Historical Progression of African Americans Thesis

… Progress of African-Americans

Historical Progress of African-Americans

"Progress of African-Americans…"

"Progress of African-Americans Through Time"

The historical progress of African-Americans has been peppered with both successes and obstacles. Yet, as we have seen through the development of this course, broken down in units thusly, Unit I 1865-1876, Unit II 1877-1920, Unit III, 1921-1945, Unit IV 1946-1976 and Unit V 1976-Present there are consistent themes of progress political, economic, social/cultural and literary in each of these periods that have brought the culture to where it is today. This work will address one of these themes in each of the units of time and discuss ways in which each led into the other in a system of progress.

Unit I 1865-1876

During the period between the close…. [read more]

Malcolm X's Contributions Essay

… also rejected Malcolm X's rhetoric without offering a closer examination of what the Nation of Islam leaders were trying to say. "All Mr. Muhammad is doing is trying to uplift the black man's mentality and the black man's social and economic condition in this country," Malcolm X states (Chapter 14).

Both Dr. King and Malcolm X grew up in a climate of racism; Malcolm X's father died by white supremacists. Therefore, it would not seem that the two leaders would develop divergent approaches to the subject of social justice and political change. Their respective approaches are different because unlike Martin Luther King, Malcolm X remained deeply cognizant of the structural issues that prevented equality, which could not necessarily be erased with integration. Integration, for Malcolm…. [read more]

Art Exhibition Essay

… Art Exhibition

One of the more often repeated sayings is that the United States is a melting pot of cultures. This is nowhere as true as it is when thinking about the artistic experience since the late 18th century forward. Celebrating this immigrant experience, the Smithsonian Institution presents an exhibit entitled, Our America: The Latino Presence in American Art. The exhibit is located in Washington, D.C., and lasts from October 25, 2013 to March 2, 2014. The exhibition includes 92 works in all media from 72 artists in various styles and genres. The overall message of the exhibition is to celebrate Latino culture through the local experience about what it means to be a Latino in modern-America; the cultural and personal heritage expressed though art…. [read more]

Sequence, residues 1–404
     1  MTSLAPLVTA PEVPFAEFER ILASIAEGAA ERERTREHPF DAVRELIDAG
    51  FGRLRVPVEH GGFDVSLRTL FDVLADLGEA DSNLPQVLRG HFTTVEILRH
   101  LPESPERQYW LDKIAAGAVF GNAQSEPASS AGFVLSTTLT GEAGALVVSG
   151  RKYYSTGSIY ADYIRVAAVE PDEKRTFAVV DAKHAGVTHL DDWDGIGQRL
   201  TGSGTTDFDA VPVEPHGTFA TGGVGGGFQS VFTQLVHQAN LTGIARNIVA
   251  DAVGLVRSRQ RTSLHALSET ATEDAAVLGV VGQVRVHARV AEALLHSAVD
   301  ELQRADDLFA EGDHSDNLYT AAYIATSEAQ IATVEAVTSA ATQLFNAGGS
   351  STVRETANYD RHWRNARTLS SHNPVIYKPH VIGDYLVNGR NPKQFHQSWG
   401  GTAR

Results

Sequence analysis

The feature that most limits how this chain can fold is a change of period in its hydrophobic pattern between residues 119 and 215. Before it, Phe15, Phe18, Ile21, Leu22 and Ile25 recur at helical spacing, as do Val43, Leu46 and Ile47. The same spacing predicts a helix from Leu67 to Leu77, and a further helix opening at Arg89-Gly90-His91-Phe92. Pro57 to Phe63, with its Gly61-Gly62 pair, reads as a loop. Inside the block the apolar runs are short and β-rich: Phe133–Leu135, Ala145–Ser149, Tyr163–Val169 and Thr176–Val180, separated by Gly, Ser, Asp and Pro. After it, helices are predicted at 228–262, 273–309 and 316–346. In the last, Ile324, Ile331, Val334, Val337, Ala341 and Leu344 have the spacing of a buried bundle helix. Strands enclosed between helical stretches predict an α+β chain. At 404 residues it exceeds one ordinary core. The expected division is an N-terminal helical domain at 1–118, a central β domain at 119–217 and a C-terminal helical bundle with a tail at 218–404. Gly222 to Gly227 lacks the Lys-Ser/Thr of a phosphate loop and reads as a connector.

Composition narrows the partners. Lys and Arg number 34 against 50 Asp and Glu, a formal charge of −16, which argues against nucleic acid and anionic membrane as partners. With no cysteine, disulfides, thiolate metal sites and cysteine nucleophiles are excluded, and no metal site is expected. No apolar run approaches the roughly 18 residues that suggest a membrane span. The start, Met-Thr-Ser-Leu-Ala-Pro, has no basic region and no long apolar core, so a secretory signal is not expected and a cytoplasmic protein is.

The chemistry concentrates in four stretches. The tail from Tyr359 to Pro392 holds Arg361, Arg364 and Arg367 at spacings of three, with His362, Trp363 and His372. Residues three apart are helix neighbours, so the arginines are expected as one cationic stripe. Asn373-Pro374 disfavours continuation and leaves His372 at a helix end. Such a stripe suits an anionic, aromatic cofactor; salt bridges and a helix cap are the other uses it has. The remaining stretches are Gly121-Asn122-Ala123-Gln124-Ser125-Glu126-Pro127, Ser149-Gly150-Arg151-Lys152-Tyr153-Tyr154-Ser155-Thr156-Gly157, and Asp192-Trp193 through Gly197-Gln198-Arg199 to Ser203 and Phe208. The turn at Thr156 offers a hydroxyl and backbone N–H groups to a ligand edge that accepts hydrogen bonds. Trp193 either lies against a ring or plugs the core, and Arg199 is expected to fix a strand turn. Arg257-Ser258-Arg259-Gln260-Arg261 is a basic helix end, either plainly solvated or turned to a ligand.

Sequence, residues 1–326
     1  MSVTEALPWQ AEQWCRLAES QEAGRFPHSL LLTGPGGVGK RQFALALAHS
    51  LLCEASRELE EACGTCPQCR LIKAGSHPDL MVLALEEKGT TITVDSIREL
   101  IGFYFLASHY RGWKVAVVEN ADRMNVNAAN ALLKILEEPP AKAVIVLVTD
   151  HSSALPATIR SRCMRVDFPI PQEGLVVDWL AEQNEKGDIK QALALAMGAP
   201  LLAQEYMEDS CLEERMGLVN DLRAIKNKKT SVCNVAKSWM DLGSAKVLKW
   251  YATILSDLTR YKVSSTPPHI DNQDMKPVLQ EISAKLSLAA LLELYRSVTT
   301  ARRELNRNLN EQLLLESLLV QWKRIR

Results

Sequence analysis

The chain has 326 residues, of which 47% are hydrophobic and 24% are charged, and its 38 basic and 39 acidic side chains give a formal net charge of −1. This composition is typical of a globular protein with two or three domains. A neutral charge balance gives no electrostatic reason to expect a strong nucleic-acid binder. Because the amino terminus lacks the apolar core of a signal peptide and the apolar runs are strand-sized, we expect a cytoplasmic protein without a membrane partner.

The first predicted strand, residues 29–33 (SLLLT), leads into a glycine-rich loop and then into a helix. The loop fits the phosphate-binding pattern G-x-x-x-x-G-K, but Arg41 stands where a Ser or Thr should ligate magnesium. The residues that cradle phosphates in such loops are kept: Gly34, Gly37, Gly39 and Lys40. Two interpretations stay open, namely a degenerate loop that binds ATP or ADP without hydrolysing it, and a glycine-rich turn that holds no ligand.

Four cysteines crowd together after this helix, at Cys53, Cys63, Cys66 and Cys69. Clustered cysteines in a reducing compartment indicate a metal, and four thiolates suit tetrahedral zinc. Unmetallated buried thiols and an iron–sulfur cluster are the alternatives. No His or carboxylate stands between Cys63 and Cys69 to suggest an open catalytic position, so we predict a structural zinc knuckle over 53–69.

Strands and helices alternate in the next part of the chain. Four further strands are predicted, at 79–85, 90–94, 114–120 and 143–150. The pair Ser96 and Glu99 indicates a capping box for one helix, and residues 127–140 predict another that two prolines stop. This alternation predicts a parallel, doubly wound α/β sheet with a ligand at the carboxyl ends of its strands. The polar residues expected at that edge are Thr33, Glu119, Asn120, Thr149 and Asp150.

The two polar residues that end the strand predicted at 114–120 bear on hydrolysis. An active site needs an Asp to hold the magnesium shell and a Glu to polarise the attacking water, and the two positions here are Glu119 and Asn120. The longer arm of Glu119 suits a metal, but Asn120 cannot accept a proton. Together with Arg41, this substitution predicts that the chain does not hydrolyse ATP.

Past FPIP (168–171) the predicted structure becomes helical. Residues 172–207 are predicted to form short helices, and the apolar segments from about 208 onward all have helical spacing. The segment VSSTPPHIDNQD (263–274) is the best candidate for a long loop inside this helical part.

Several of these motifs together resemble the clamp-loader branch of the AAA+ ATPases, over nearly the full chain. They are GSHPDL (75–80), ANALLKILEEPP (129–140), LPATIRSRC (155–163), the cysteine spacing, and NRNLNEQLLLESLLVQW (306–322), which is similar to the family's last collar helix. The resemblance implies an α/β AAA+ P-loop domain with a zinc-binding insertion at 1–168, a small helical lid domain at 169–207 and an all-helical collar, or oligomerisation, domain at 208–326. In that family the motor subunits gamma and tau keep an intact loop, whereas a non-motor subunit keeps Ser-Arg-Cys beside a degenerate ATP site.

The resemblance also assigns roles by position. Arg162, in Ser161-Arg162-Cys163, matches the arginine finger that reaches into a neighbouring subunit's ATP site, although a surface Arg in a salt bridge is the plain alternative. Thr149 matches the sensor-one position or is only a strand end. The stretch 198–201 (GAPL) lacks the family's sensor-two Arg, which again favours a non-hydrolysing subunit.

American Revolution New American History Research Paper

… 3 Wood, The American Revolution, 126

Equality and the fact that 'all men are created equal' were stressed a lot in the Declaration of Independence.

The founders of the nation itself did not go on to act on the words that they had written. In the end, the ultimate result was that people realized that they were not slaves and they were also citizens of the country. Therefore, another reason why American Revolution was important is that it provided the basis on which racial segregation was removed.

The American Revolution also gave rise to a cultural and social awareness for the people. It is clear that the people did not want to belong to the British empire. America originally had always been considered a free…. [read more]

American Since 1990 Term Paper

… American Artists 1990

American since 1990

By the early 1990's, John Rozelle had earned critical acclaim in The New York Times and the New Art Examiner for his expertise in combining colorful layers of acrylic paint and collage to create a distinct form of nonrepresentational mixed-media art (Mercer pp). His technique is inspired by his African heritage and says, it "reflects the appropriation of textural surfaces one encounters with sacred objects that have been consecrated with sacrificial offerings" (Mercer pp).

His work is exhibited nationally and can be found in the collections of museums, including the Studio Museum in Harlem, the California Afro-American Museum in Los Angeles, and the African-American History and Cultural Museum in Philadelphia, and corporations including AT&T, Ralston Purina Group and Citibank…. [read more]

Art? To Me Essay

… Moreover, she points out that attempts to strip people of their attachment to art and creativity is one means of dehumanizing people by suggesting that "contemporary African-Americans have been increasingly socialized by the mass media to leave behind attachments to the oppositional worldview of our elders, especially to those having to do with beauty and to assimilate to the mainstream" (Hooks). She reminds people that art can be a critical political and social construct. "Learning to see and appreciate the presence of beauty is an act of resistance in culture of domination that recognizes the production of a pervasive feeling of lack, both material and spiritual, as a useful colonizing strategy" (Hooks).

George Hegel's approach to art focuses on the fact that art is a…. [read more]

Connect the African Cultural Roots Term Paper